John Riordan (mathematician)

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John Riordan
Born (1903-04-22)April 22, 1903
Derby, Connecticut, United States
Died August 27, 1988(1988-08-27) (aged 85)
Scituate, Massachusetts, United States
Nationality American
Alma mater Yale University
Occupation Mathematician
Years active 1926–1968
Spouse(s) Mavis McIntosh

John F. Riordan (April 22, 1903 – August 27, 1988)[1] was an American mathematician and the author of major early works in combinatorics, particularly Introduction to Combinatorial Analysis and Combinatorial Identities.


Riordan was a graduate of Yale University. In his early life he wrote a number of poems and essays and a book of short-stories, On the Make, published in 1929, and was Editor-in-Chief of Salient and The Figure in the Carpet, literary magazines published by The New School for Social Research in New York. He married Mavis McIntosh, the well-known poet and literary agent and founder of McIntosh & Otis. The couple had two daughters: Sheila Riordan and Kathleen Riordan Speeth, and were long time residents of Hastings-on-Hudson, New York.[2]

Riordan's long professional career was at Bell Labs, which he joined in 1926 (a year after its foundation) and where he remained, publishing over a hundred scholarly papers on combinatorial analysis, until he retired in 1968. He then joined the faculty at Rockefeller University as professor emeritus. A Festschrift was published in his honor in 1978.[3]

Throughout his life Riordan led an active literary life, with many distinguished friends such as Kenneth Burke, William Carlos Williams, and A. R. Orage.


From the Introduction by Marc Kac to the Special Issue of the JCTA in honor of John Riordan:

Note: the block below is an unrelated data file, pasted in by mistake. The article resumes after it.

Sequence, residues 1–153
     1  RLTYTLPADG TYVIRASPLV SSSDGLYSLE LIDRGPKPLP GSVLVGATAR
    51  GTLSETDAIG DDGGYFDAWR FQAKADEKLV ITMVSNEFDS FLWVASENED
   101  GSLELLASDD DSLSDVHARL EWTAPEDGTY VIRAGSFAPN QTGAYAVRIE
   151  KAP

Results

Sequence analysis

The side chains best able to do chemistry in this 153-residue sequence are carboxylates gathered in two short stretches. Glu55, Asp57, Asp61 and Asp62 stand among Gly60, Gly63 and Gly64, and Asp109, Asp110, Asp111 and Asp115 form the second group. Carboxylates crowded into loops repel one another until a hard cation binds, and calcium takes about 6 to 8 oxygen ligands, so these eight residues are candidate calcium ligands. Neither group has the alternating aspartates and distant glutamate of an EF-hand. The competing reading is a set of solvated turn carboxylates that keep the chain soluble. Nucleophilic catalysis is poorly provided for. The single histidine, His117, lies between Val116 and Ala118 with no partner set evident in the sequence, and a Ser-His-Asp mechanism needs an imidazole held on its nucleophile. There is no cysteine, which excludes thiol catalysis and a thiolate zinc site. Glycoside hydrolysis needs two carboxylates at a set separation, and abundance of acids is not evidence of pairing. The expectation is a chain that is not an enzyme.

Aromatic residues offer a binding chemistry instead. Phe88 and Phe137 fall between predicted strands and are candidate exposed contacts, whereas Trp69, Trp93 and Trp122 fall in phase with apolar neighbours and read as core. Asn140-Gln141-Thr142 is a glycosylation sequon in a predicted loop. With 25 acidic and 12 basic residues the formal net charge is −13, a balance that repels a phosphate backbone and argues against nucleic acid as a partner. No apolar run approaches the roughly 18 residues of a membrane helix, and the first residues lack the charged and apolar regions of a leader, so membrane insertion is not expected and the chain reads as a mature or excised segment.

Foremost among the keepers of the barely flickering combinatorial flame was John Riordan. John’s work in Combinatorial Theory (or Combinatorial Analysis as he prefers to call it) is uncompromisingly classical in spirit and appearance. Though largely tolerant of modernity he does not let anyone forget that Combinatorial Analysis is the art and science of counting (enumerating is the word he prefers) and that a generating function by any other name or definition is still a generating function.

From an interview with Neil Sloane published by Bell Labs:

Even at the end of my first year as a graduate student at Cornell, in 1962, I managed to arrange a summer job at Bell Labs in Holmdel. This was still on minimal cost networks. During that summer I met another of my heroes, John Riordan, one of the great early workers in combinatorics. His book An Introduction to Combinatorial Analysis is a classic. He was working at Bell Labs in West Street in Manhattan at that time. One of my earliest papers, on a problem that came up in my thesis work, was a joint paper with him.[4]

Selected publications[edit]


  1. ^ John F. Riordan, 85, Ex-Bell Labs Engineer, The New York Times obituary, August 31, 1988
  2. ^ Mavis McIntosh Riordan, 83; Represented Noted Writers, The New York Times obituary, August 6, 1986.
  3. ^ Kac, M. (1978). "Special Issue in Honor of Riordan, John - Introduction". Journal of Combinatorial Theory Series A. 24 (3): ii,255. doi:10.1016/0097-3165(78)90055-9. 
  4. ^ J. Riordan, N. J. A. Sloane (1969). "The enumeration of rooted trees by total height". J. Austral. Math. Soc. 10: 278–282. doi:10.1017/S1446788700007527. 
  5. ^ Harary, Frank (1959). "Review: Introduction to combinatorial analysis, by John Riordan" (PDF). Bull. Amer. Math. Soc. 65 (3): 166–169. doi:10.1090/s0002-9904-1959-10314-1. 
  6. ^ Stein, Paul R. (1972). "Review: Combinatorial identities, by John Riordan" (PDF). Bull. Amer. Math. Soc. 78 (4): 490–496. doi:10.1090/s0002-9904-1972-12968-9. 

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